The Beaufort wind scale is used by mariners and meteorologists to indicate wind velocity. It was devised in 1805 by the Irish hydrographer Francis Beaufort.
|Force||Knots||Mph||Kph||Sea Term||Sea Conditions||On-land Appearance|
|0||<1||<1||<1||Calm||sea like a mirror||smoke rises vertically|
|1||1-3||1-3||1-6||Light air||ripples with appearance of scales: no foam crests||smoke drifts and leaves rustle|
|2||4-6||4-7||7-11||Light breeze||small wavelets: crests of glassy appearance, not breaking||wind felt on face|
|3||7-10||8-12||12-19||Gentle breeze||large wavelets: crests begin to break: scattered whitecaps||flags extended, leaves move|
|4||11-16||13-18||20-30||Moderate breeze||small waves, becoming longer: numerous whitecaps||dust and small branches move|
|5||17-21||19-24||31-39||Fresh breeze||moderate waves, taking longer form: many whitecaps: some spray||small trees begin to sway|
|6||22-27||25-31||40-50||Strong breeze||larger waves forming: whitecaps everywhere: some spray||large branches move, wires whistle|
|7||28-33||32-38||51-61||Near gale||sea heaps: white foam from breaking waves begins to be blown in streaks||trees in motion, resistance felt when walking|
|8||34-40||39-46||62-74||Gale||moderately high waves of greater length: edges of crests begin to break into spindrift: foam is blown in well-marked streaks||walking impeded|
|9||41-47||47-54||75-87||Strong gale||high waves: sea begins to roll: dense streaks of foam: spray may reduce visibility||structural damage may occur|
|10||48-55||55-63||88-102||Storm||very high waves with overhanging crests: sea takes white appearance as foam is blown in very dense streaks: rolling is heavy and visibility is reduced||trees uprooted, structural damage likely|
|11||56-63||64-72||103-117||Violent Storm||Exceptionally high waves: sea covered with white foam patches: visibility still more reduced||damage to structures wide spread|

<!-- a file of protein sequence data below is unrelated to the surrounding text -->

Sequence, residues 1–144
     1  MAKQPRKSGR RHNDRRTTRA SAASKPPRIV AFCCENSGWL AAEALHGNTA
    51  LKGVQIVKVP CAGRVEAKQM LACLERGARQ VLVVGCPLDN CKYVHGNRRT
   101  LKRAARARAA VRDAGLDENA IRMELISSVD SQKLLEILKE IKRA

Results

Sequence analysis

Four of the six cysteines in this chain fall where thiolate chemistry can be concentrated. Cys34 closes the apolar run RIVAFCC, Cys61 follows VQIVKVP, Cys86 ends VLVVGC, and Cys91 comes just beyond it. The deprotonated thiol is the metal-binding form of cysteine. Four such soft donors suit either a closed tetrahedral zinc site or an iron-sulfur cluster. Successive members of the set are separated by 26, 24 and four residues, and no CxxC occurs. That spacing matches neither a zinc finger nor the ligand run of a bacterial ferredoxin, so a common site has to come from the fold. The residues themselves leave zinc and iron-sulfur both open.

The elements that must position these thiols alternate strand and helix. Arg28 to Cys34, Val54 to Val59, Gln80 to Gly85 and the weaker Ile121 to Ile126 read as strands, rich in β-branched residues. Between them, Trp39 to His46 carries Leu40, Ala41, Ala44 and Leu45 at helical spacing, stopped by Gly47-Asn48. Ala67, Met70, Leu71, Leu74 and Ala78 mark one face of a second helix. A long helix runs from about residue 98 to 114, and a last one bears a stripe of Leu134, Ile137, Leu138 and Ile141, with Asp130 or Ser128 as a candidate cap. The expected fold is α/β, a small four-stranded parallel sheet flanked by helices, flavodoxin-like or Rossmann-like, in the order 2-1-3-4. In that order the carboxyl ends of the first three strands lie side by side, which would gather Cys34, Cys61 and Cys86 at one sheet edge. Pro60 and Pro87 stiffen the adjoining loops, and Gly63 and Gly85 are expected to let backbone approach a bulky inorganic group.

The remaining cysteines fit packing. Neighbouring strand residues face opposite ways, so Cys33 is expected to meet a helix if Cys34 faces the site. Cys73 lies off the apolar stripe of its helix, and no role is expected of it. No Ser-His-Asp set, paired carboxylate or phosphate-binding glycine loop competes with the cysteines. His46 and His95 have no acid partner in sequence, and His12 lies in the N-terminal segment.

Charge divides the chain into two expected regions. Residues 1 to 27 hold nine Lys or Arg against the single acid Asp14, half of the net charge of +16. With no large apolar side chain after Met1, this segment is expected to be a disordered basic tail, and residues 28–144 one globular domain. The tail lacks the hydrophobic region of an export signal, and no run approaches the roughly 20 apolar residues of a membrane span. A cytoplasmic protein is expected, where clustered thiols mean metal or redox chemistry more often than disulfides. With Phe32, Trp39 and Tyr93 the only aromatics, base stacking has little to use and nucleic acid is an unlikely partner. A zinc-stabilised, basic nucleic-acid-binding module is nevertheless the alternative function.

|12||>63||>72||>117||Hurricane||air filled with foam: sea completely white with driving spray: visibility greatly reduced||severe structural damage to buildings, wide spread devastation, flooding|
The weather charts, satellite images, radar images, forecasts and warnings are all updated regularly and automatically. There are occasional system faults, but if you are seeing old products its most likely that you are having a problem with caching.
Either your browser is holding an old version of the product you want and not fetching a new one from our site. Make sure you click on "Refresh" / "Reload" (whichever is appropriate for your browser).
Holding down the shift key while clicking on "Refresh" / "Reload" does direct some browsers (certainly Netscape) to not check their local cache first but re-fetch the document over the network.
Or your Internet Service Provider (ISP) is caching (keeping a copy of the web pages) on their server(s). You may have to contact your ISP.
A precis is a summary. For some purposes a full forecast with descriptions of the expected temperature, rainfall, wind, cloud, visibility and humidity is too long, so we also prepare precis forecasts. Generally a precis forecast contains just a few words describing the most significant weather element expected and a temperature.
Please use the following link for details on the current Time Zones in Australia
Australian Time Zones - with Daylight Saving details
The various State/Territory contacts for Daylight Saving responsibility.